Sunday, March 14, 2010

Orianthi - Believe [music review]

* Released in October 2009
Orianthi Panagaris, who chooses to just use her first name in her career, is best known as one of Michael Jackson's two guitarists for his This Is It Tour, as well as the subsequent movie (read my review here). Only 25, she has already amassed a highly impressive resume, with additional collaborations with Prince, Mary J. Blige, a guest solo on Adam Lambert's (of American Idol fame) recent album, and an appearance with Carrie Underwood at last year's Grammy Awards that created plenty of buzz (that's where I first saw her). She stands out because of her prodigious guitar skills...and it doesn't hurt that she's easy on the eyes. Those skills led her to quit school at 15 to focus on her career, and at that same age she played her first ever opening gig for Steve Vai, one of her primary influences. Three years later, Orianthi met and jammed with her other guitar hero, Carlos Santana.
Her independent 2007 debut, Violet Journey, showed promise, but leaned somewhat to the unrefined side, not surprising given her young age and meagre recording budget. 2009's Believe is a much more polished and assured collection of songs, backed by a major label (Geffen, a subsidiary of Universal Music), which also brings with it the resources for stronger material. Writing partners for Orianthi on her latest include heavyweights like Desmond Child (who has written for Bon Jovi, KISS, Katy Perry, and Kelly Clarkson) and Andreas Carlsson (whose songs have been recorded by Celine Dion, Bon Jovi, Britney Spears, and Carrie Underwood).
Believe also brings the rock a little more than its predecessor, to its benefit. Musically, it's quite similar to the power pop of Pink or Kelly Clarkson, with the same focus on highly catchy choruses. Orianthi also throws in some flashier guitar solos, just to add her own signature. She has the ability to shred out on her six strings, yet doesn't overdo it with the guitar histrionics, except on "Highly Strung", a hopped-up instrumental duet with Vai that is supposed to be over-the-top. Vai's own unique guitar voice overpowers Orianthi's, causing the track to sound more like a Vai tune, but Panagaris does well to nearly keep pace with the virtuoso.
The heavier tracks generally fare a little better than the mellower material, notably with first single "According To You", "Bad News", the male bashing "Think Like A Man", and "Suffocated" (a cover of a song by some band I've never heard of called Sound The Alarm). That's not to say there's not strength in the slower songs - "Drive Away" and "God Only Knows" are primo power ballads, with the former featuring some tasteful blues-style guitar work.
Vocally, Orianthi sounds fairly good on the album, although based on some of the "pitchy" live performances I've watched online one wonders how much was done in the studio to compensate for the disproportionate amount of talent between her voice and her guitar playing ability. One other lingering nag with Orianthi is that she borrows a little too heavily from Santana for both her style and guitar sound on the less rocking tracks. Many of the guitar leads on Believe reproduce his phrasing and distinct, warm guitar tone almost exactly (she even uses the same type of Paul Reed Smith guitar as him). Hopefully future releases will find her steering away from this direction and cultivating a more distinct sound of her own, which her impressive talent should more than allow for.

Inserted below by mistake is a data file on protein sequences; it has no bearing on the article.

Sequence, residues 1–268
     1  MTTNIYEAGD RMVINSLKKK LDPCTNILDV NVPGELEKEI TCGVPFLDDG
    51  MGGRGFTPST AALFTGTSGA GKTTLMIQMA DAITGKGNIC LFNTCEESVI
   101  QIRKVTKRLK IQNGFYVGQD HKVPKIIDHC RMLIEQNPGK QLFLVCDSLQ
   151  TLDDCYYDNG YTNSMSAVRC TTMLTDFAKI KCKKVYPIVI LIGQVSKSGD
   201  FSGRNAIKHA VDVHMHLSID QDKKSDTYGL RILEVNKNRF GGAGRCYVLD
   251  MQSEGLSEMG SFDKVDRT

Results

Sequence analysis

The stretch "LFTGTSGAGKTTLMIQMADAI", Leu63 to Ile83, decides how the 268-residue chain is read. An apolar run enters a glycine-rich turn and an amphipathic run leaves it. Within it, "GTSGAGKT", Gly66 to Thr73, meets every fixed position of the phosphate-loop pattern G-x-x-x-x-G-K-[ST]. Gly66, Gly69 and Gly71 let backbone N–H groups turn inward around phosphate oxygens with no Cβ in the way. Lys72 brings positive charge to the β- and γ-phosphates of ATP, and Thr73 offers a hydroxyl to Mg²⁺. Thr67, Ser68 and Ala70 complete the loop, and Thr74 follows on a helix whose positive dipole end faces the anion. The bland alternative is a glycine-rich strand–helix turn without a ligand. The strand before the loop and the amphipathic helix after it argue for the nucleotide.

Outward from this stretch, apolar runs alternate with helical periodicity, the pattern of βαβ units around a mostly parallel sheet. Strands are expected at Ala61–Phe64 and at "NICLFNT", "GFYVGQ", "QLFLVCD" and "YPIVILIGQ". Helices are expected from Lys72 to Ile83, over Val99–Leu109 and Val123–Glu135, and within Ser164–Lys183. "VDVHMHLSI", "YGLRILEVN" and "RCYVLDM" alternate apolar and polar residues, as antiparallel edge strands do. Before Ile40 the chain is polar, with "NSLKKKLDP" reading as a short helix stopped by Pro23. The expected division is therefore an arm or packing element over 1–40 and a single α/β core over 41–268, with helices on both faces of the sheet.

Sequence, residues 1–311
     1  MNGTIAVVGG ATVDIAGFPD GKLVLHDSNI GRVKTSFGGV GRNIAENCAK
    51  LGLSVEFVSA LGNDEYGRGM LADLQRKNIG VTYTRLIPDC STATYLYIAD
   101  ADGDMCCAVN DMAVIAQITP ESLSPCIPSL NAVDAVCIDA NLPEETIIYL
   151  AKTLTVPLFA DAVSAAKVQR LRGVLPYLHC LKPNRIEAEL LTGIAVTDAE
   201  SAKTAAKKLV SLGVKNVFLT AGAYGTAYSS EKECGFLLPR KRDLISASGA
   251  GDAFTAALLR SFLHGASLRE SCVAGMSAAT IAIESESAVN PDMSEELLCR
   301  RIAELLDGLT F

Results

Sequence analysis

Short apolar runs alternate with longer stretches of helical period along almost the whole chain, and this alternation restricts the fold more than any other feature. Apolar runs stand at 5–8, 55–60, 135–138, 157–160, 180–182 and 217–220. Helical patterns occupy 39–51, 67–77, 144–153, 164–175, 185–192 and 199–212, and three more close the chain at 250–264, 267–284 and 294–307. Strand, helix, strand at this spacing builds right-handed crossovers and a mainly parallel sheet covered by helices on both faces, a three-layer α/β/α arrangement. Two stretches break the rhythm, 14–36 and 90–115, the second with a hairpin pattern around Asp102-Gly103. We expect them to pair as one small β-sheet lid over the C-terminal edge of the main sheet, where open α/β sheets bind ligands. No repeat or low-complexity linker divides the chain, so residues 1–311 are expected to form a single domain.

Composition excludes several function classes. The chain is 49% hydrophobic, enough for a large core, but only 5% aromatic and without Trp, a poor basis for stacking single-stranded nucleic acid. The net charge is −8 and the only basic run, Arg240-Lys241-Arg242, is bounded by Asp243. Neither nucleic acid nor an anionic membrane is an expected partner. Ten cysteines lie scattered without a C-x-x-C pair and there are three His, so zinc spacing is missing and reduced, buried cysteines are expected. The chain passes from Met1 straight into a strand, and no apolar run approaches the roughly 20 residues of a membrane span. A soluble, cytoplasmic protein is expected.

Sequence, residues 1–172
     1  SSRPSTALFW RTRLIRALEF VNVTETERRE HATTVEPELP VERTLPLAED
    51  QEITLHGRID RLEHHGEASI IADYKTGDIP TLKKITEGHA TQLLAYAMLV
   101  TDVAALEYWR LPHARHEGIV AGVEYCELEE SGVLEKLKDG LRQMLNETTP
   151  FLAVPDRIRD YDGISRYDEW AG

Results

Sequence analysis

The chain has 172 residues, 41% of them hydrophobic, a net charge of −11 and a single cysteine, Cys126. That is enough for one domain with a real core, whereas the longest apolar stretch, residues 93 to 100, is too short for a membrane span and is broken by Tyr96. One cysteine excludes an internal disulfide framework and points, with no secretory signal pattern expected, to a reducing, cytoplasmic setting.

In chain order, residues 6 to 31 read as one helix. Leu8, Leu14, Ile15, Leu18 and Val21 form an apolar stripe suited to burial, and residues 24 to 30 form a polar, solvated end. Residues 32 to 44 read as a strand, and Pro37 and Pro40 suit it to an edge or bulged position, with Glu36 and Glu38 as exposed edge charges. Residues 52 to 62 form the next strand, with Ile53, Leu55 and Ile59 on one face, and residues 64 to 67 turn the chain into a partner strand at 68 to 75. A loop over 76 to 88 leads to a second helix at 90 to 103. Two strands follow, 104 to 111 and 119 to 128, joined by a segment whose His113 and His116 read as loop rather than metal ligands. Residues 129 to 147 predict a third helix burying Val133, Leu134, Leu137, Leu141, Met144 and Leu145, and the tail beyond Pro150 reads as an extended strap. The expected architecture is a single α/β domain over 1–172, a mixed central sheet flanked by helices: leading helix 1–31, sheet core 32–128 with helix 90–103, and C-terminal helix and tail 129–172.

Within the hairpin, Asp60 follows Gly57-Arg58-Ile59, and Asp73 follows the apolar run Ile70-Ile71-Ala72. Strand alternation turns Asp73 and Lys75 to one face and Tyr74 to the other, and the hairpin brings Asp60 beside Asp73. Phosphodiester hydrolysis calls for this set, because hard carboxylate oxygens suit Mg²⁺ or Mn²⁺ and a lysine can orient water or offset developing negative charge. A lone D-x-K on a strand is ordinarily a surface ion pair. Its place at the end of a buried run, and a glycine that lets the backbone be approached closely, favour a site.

Rating: ★★★★★★★★☆☆
View the video for "According To You":

Saturday, March 13, 2010

Crazy Heart [movie review]

* Released theatrically in December 2009
It's hard to believe now, but Crazy Heart almost ended up as a direct-to-DVD release. Made for only $7 million by Country Music Television, it was eventually salvaged by Fox Searchlight after Paramount mysteriously decided not to give it a theatrical release. Granted, it's not exactly the most commercially viable film to try and market, but Jeff Bridges' performance is clearly exceptional, of the calibre that warrants Oscar attention. In fact, it did, and Bridges just won the Oscar for best performance in a lead role. Additionally, the movie won the Oscar for best original song ("The Weary Kind") and received a nomination for Maggie Gyllenhaal's supporting performance. Gee, do you think someone at Paramount just got fired?
The movie is based on the 1987 novel by Thomas Cobb and was directed and adapted by Scott Cooper. It stars Bridges as Bad Blake, a 57 year old worn-out country singer who smokes and drinks too much, has four marriages behind him, no family ties, and drives a battered Chevy truck from town to town in the American southwest playing bowling alleys and dive bars with local pickup bands. Based on a composite of old school country artists like Waylon Jennings and Kris Kristofferson (who Bridges resembles, with his long grey hair and unkempt beard), Blake is living proof that his hard-done-by, bitter lyrics aren't just a laughable, negative propagation of the genre stereotype - after a few minutes of seeing how this guy lives, you'll know that they're rooted in truth. Bridges wears his character comfortably, turning in a great performance that is totally devoid of vanity.
Gyllenhaal plays Jean, an aspiring music writer and single mother who is leery of men based on her shaky track record. She lands an interview with Blake, who becomes smitten with her and a romance ensues. This is one of the few parts of the film that rings hollow - the approximately 25 year age difference between the two, not to mention the fact that Blake is named "Bad" for a reason, flies in the face of conventional wisdom that she would ever fall for him. Once you get past this, their relationship does manage to take on some interesting complexities and nuances, but the Jean character ultimately feels a little underwritten. That Gyllenhaal received an Oscar nomination is a real head scratcher - she's not horrible or anything, just far from Oscar-worthy (if you put any stock in the relevance of such accolades, which I tend not to).
Robert Duvall and Colin Farrell have smaller roles, with Farrell playing a former protégé of Blake's (named Tommy Sweet) who has now gone on to the big time. Sweet and Blake's paths cross, leading to an uneasy tension that can be traced back to a cryptic incident between the two in their past, which is cleverly left undiscussed.
The music in Crazy Heart really stands out, instilling a true element of classic country authenticity thanks to the score and music written by T-Bone Burnett. Bridges does his own singing and guitar playing, infusing a realism to the role and showing the confidence that forty years of practice in his real life have given him. Farrell also does his own playing and singing, turning in a solid vocal performance on "The Weary Kind".
Rating: ★★★★★★★★☆☆

Monday, March 8, 2010